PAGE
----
|Wang, Jianxun - UNIV OF LOUISVILLE, KY|
|Song, Ye - UNIV OF LOUISVILLE, KY|
|Elsherif, Laila - UNIV OF LOUISVILLE, KY|
|Sun, Xiuhua - UNIV OF LOUISVILLE, KY|
|Mcclain, Craig - UNIV LOUISVILLE/VET ADMIN|
|Kang, Y - UNIV OF LOUISVILLE, KY|
|Cai, Lu - UNIV OF LOUISVILLE, KY|
Submitted to: Circulation
Publication Type: Peer Reviewed Journal
Publication Acceptance Date: November 28, 2005
Publication Date: January 23, 2006
Citation: Wang, J., Song, Y., Elsherif, L., Song, Z., Zhou, G., Prabhu, S.D., Saari, J.T., Cai, L. 2006. Cardiac metallothionein induction plays the major role in the prevention of diabetic cardiomyopathy by zinc supplementation. Circulation. 113:544-554. Interpretive Summary: Metallothionein is a protein that exists in low concentrations in all tissues. It acts as a detoxifying agent and, under such conditions as heavy metal poisoning and oxidative stress, metallothionein concentration is increased. Diabetes is a disease that can impair heart function and is associated with oxidative damage. Previous studies have shown that experimentally increasing the amount of metallothionein in the heart can inhibit the heart damage caused by diabetes. Because metallothionein is the primary carrier for zinc in the body, a method of benignly elevating metallothionein concentration is to raise the body's zinc concentration. To determine whether elevating metallothionein in this way could prevent the cardiac damage of diabetes, we injected diabetic rats with zinc and found that both structural and functional changes in diabetic hearts were reduced by zinc injection. Further, damage to heart cells in culture caused by high sugar concentrations was not prevented by high zinc concentration if metallothionein production was genetically impaired. These findings suggest the potential for protecting diabetic hearts by elevation of heart metallothionein through increasing the body's zinc concentration.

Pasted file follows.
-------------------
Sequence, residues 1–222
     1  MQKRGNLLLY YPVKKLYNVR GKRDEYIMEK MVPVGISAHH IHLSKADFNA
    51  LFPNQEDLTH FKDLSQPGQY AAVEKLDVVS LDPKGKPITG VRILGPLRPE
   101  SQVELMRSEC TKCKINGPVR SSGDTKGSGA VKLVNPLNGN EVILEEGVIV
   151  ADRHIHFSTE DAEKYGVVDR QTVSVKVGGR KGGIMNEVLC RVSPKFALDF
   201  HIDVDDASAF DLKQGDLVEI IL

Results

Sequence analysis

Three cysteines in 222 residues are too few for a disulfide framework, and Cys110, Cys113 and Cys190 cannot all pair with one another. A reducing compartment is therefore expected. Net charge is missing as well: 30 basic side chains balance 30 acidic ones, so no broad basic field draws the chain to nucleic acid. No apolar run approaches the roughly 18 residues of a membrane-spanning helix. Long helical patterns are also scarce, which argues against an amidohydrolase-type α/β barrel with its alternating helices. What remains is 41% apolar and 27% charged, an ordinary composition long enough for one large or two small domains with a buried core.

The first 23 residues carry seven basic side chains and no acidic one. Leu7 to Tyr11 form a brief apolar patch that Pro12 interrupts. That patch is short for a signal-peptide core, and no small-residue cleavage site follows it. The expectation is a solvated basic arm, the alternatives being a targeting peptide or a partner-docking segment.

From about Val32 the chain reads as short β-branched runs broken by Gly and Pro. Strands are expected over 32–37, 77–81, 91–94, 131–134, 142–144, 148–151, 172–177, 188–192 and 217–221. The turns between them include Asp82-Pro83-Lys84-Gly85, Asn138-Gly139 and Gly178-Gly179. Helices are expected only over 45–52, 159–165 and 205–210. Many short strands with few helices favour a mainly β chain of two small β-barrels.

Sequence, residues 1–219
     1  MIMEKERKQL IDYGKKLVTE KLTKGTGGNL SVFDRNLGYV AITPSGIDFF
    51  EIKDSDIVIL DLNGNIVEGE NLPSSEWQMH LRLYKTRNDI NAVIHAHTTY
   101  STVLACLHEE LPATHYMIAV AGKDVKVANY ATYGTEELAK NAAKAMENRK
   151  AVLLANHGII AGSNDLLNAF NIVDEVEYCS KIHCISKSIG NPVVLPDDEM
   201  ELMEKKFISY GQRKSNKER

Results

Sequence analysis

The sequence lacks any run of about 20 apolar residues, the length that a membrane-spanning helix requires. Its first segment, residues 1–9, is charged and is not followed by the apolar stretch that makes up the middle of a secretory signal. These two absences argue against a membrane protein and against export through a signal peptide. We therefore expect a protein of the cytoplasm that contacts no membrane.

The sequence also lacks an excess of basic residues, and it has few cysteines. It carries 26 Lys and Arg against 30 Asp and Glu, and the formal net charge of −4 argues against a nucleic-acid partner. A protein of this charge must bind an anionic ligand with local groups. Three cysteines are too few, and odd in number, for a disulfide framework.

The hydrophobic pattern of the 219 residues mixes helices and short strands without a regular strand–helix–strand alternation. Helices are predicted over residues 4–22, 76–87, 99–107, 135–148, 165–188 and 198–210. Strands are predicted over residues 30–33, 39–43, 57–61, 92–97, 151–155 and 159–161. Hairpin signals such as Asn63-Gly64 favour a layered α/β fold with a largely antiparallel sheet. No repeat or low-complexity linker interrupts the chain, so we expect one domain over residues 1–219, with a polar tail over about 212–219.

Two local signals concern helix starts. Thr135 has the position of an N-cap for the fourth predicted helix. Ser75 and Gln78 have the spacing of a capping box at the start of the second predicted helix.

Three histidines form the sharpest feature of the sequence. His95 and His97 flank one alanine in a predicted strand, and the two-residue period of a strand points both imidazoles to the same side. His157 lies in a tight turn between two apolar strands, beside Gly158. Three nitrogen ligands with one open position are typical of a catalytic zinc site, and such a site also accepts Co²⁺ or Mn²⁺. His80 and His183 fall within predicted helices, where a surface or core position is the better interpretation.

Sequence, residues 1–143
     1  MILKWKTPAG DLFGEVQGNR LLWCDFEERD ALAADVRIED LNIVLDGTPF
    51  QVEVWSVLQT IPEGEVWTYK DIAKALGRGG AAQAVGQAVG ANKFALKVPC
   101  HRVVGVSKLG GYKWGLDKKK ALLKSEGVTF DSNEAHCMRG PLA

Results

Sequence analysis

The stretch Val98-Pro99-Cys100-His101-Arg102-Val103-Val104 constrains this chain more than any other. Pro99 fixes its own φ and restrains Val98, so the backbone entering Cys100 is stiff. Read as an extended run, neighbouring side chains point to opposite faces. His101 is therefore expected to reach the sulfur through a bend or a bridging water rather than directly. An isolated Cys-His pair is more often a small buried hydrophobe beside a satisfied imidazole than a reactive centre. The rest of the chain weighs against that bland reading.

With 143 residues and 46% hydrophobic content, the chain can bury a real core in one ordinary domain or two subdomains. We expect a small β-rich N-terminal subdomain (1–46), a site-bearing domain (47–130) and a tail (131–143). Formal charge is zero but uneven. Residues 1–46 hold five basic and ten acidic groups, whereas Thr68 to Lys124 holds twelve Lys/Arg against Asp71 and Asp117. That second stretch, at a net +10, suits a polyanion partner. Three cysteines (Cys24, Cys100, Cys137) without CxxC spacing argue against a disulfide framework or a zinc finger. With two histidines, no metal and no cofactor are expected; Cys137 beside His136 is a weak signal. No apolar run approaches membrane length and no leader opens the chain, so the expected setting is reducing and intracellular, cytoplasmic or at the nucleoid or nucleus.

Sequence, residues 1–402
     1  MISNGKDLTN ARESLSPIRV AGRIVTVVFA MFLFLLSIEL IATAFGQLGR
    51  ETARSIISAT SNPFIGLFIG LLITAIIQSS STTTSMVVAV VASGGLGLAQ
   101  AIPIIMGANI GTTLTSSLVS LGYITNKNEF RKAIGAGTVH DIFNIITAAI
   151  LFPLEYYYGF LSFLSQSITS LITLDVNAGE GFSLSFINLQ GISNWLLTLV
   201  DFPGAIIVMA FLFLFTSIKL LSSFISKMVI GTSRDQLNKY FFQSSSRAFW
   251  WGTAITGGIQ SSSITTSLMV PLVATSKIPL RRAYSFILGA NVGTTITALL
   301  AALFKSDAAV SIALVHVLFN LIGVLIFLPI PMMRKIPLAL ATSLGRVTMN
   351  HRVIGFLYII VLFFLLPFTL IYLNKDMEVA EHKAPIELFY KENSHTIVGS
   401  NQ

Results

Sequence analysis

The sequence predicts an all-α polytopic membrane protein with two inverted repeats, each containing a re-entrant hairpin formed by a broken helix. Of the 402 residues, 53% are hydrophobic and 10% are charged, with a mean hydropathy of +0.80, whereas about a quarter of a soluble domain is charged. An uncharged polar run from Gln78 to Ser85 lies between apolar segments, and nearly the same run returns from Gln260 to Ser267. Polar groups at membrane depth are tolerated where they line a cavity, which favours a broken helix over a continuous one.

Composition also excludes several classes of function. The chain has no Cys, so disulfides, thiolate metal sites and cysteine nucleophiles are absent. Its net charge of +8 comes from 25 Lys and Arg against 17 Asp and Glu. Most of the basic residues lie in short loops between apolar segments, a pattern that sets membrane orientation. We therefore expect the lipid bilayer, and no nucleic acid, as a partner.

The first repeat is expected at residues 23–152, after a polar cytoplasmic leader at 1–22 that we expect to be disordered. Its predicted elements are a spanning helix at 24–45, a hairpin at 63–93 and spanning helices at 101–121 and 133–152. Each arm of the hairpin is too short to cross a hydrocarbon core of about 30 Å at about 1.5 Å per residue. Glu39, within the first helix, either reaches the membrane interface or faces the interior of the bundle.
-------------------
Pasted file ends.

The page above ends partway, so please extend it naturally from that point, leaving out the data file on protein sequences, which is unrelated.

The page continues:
Technical Abstract: Background: Our previous study showed that cardiac-specific metallothionein (MT)-overexpressing transgenic mice were highly resistant to diabetes-caused cardiomyopathy. Zinc is the major metal to which MT binds under physiological condition and is a potent inducer for MT. The present study, therefore, was undertaken to explore whether zinc supplementation can protect against diabetic cardiomyopathy through cardiac MT induction. In addition, cardiac cells were directly exposed to high levels of glucose (HG) and free fatty acid (FFA, palmitate) to mimic diabetic conditions to further define the role of MT in the cardiac protection by zinc supplementation. Methods and Results: Diabetes was induced by a single injection of streptozotocin in C57BL/6J mice. Diabetic mice were supplemented intraperitoneally with zinc sulfate (5mg/kg) every other day over a period of 3 months. At the end of zinc supplementation, these mice were kept 3 more months and then cardiomyopathy was examined by functional and morphological analysis. Significant increases in morphological abnormalities and reduced contractility were observed in the diabetic mice without zinc supplementation, but not in the diabetic mice with 3-month zinc supplementation. Three-month zinc supplementation also induced a significant increase in cardiac MT expression. Using cardiac cell cultures, it was found that in response to HG/FFA, cell survival rate significantly decreased, but was significantly prevented by zinc or by low-dose cadmium, both of which induced significant MT synthesis. Furthermore, using siRNA strategy to silence MT transcriptional expression, cells pre-treated by zinc did not show the same resistance to the damaging effects of HG/FFA. Conclusion: These results suggest that the prevention of diabetic cardiomyopathy by zinc supplementation is predominantly mediated by increased cardiac MT.